It's such a pity that as Africans, we have forsaken our culture. We have embraced Western culture into our livelihoods, and this is coming at a steep price. There were cultural systems in place to check many present-day problems.
For instance, this hullabaloo over DNA. I don't understand it. Let me give you a sneak preview of the Ameru culture.
Married men in Meru were allowed to have concubines. They were called 'Bankiro'. If you've lived around these regions, you've surely heard a few elderly women call each other 'Bankiro'. These concubines were women who were already married to other men.
Point to note: Not the single, beautiful village girls.
No, concubines were women already married to other men. Usually, a Meru man would consider a concubine from the wives of his age-mates. Especially, close guys who shared a circumcision date.
And, it's not an exclusively Meru tradition. The Maasai, too, had an arrangement not so dissimilar. That's how the Maasai phrase 'Planting the spear came to be'. The message was clear.
Basically, after a long week - or weeks - herding communal goats and camels, a Moran would come home - and, find a spear in front of his door. Remember, a few Morans would be left behind to guard the Manyatta, and, of course, these duties.
The Moran respected a planted spear. He'd walk away. In retro-speak, 'anakanyaga kubwa kubwa'. Case closed. He wouldn't wait in hiding to spear the guy warming his wife's bed.
Anyways, in Meru, the concubines (Bankiros') enjoyed a special bond. They'd dance together in village fairs. They'd exchange millet recipes. They'd tease, and swap intimate gossip about their shared men. They sired kids.
Why were women encouraged to have kids from different men, while already married?
In those days, there was a thing about lineage, or family curses. These curses were generational. They were named accordingly by various Meru sub tribes and clans. The main sub tribe (Imenti) called them - 'Iciaro' or 'Nthenge'.
It was believed that in the event of such curse(s) those kids sired by a concubine (Bankiro) could survive because they didn't carry the blood from the cursed family line. They'd survive extermination.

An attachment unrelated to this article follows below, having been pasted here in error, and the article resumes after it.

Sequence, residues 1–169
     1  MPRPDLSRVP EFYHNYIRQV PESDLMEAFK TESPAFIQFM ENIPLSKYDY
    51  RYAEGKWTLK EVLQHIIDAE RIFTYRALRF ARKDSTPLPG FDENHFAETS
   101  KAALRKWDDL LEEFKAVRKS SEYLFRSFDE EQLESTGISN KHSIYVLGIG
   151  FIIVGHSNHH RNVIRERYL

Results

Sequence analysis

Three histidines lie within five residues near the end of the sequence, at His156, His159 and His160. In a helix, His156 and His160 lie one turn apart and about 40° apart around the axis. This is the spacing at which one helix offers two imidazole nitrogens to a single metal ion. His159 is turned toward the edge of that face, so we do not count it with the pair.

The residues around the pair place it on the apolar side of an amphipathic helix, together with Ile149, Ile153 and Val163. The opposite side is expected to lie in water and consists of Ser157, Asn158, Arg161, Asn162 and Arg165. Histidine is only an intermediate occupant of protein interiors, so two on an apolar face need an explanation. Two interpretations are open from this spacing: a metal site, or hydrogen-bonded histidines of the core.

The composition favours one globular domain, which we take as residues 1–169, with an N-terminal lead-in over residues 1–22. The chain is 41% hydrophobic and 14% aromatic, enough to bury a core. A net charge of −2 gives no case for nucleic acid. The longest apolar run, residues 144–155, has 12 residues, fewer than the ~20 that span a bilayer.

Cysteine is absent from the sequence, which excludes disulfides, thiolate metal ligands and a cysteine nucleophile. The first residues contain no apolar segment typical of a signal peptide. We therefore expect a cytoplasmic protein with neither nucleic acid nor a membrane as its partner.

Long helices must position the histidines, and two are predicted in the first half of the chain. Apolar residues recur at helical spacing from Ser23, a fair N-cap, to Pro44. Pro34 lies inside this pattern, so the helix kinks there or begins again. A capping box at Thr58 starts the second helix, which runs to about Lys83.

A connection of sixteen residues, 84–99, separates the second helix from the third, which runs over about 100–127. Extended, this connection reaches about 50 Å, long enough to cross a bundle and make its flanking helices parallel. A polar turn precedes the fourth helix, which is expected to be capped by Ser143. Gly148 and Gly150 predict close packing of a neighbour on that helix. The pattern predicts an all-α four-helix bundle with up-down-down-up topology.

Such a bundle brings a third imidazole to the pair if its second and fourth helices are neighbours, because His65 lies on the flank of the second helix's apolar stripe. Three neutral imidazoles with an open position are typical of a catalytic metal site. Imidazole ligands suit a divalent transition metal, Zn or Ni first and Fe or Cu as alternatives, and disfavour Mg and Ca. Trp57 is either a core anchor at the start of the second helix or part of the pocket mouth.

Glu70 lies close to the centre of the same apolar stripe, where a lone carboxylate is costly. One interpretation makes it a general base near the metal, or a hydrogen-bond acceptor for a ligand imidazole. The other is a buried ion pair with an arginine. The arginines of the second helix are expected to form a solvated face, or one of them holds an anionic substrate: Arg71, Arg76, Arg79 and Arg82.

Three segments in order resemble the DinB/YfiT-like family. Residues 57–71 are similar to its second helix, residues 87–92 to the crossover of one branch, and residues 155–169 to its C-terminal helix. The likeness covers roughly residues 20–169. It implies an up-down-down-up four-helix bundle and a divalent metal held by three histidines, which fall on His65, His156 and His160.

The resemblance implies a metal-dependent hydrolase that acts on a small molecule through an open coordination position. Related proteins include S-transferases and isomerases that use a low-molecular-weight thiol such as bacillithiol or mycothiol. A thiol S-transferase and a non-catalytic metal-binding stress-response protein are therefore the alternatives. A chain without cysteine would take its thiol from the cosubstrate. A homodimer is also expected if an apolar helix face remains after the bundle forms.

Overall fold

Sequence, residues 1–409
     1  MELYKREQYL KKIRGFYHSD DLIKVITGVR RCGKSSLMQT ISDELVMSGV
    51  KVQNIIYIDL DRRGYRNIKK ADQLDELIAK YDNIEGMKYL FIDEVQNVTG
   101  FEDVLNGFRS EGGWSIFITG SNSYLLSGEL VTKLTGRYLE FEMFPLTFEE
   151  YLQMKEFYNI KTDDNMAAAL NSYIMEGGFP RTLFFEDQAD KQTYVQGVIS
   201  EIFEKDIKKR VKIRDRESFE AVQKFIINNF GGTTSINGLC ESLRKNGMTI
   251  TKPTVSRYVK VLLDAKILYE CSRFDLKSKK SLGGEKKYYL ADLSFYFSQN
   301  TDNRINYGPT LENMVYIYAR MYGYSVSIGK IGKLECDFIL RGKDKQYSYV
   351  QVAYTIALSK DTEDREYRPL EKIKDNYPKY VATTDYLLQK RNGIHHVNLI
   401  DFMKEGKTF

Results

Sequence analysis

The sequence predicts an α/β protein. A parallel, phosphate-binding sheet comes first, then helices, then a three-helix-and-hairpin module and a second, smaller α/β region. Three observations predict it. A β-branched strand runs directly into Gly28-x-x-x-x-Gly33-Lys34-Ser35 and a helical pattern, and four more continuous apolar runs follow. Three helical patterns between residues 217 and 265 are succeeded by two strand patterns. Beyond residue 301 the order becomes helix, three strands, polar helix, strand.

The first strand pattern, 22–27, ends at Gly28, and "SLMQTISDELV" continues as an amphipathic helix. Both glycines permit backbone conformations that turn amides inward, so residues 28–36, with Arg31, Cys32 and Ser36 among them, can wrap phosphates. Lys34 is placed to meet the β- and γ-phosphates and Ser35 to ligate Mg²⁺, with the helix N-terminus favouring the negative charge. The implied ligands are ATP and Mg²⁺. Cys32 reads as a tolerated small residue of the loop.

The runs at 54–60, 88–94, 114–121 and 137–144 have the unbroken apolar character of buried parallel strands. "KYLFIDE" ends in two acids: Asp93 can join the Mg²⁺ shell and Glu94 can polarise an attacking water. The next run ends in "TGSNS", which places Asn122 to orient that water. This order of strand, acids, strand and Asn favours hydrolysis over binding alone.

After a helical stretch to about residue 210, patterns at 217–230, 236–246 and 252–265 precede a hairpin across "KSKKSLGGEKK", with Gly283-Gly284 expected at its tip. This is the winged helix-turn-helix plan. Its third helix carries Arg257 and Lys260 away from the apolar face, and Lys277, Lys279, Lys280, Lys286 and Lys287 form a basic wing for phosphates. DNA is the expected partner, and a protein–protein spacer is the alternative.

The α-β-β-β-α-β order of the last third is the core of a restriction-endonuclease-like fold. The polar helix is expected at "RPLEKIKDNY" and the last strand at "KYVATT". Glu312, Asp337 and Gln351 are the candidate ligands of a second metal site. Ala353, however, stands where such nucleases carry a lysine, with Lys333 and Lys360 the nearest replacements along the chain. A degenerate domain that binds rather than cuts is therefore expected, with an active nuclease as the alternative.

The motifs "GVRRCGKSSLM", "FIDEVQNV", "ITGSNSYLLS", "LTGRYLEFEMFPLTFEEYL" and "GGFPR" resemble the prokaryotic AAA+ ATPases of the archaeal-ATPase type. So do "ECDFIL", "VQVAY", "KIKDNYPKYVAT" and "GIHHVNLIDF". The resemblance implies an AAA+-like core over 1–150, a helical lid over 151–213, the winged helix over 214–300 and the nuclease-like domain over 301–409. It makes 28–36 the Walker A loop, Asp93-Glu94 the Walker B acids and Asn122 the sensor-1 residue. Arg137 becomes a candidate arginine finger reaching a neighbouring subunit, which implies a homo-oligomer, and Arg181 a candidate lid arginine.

And, perhaps, a bit of Western education has opened our eyes about genetic diseases or medical conditions that'd be taken as 'family curses'. Mental disease, for instance
A married woman siring kids with different men protected that lineage of genetic diseases. Say, a family with a mental illness history would have one less child at risk.
Oh, and the little thing about upgrading the family's Intelligence Quotent (IQ) level. Some desired physical traits, too. In a family of utter idiots (no offense meant), you'd find a really clever kid. A family of short, stocky and dark people, you'd easily spot a lanky, light-skinned fellow with an athletic build. Women called the shots.
No man would harm his wife because another man has sired kids with her - while she's married to him. No man discriminated kids sired by a concubine (Bankiro).
Another thing. No man passed away without kids in Meru.
In the event that a woman gets married to an impotent man, the family would hold a crisis meeting. They'd pick a man from the man's family who'd sire kids with his wife - on his behalf.
It'd be forbidden to speak of it. No outsider would know of this arrangement. The impotent man would bring up the kids as his own.
Everyone would sleep happy.
That same culture had a solution for lazy, or girls seen as not well-endowed physically. That's political-speak for ugly. They'd be married off as second, or third wives. Every woman would be married.
Oh, there were no divorces in the land. We've imported that, too. And, no one hardly ever got kids out of wedlock.
What you do with this information is up to you.
This article by Kibaki Muthasmia, was forst published on Kenyans.co.ke at the following address: https://www.kenyans.co.ke/news/70245-why-african-women-were-allowed-have-kids-men-other-their-husbands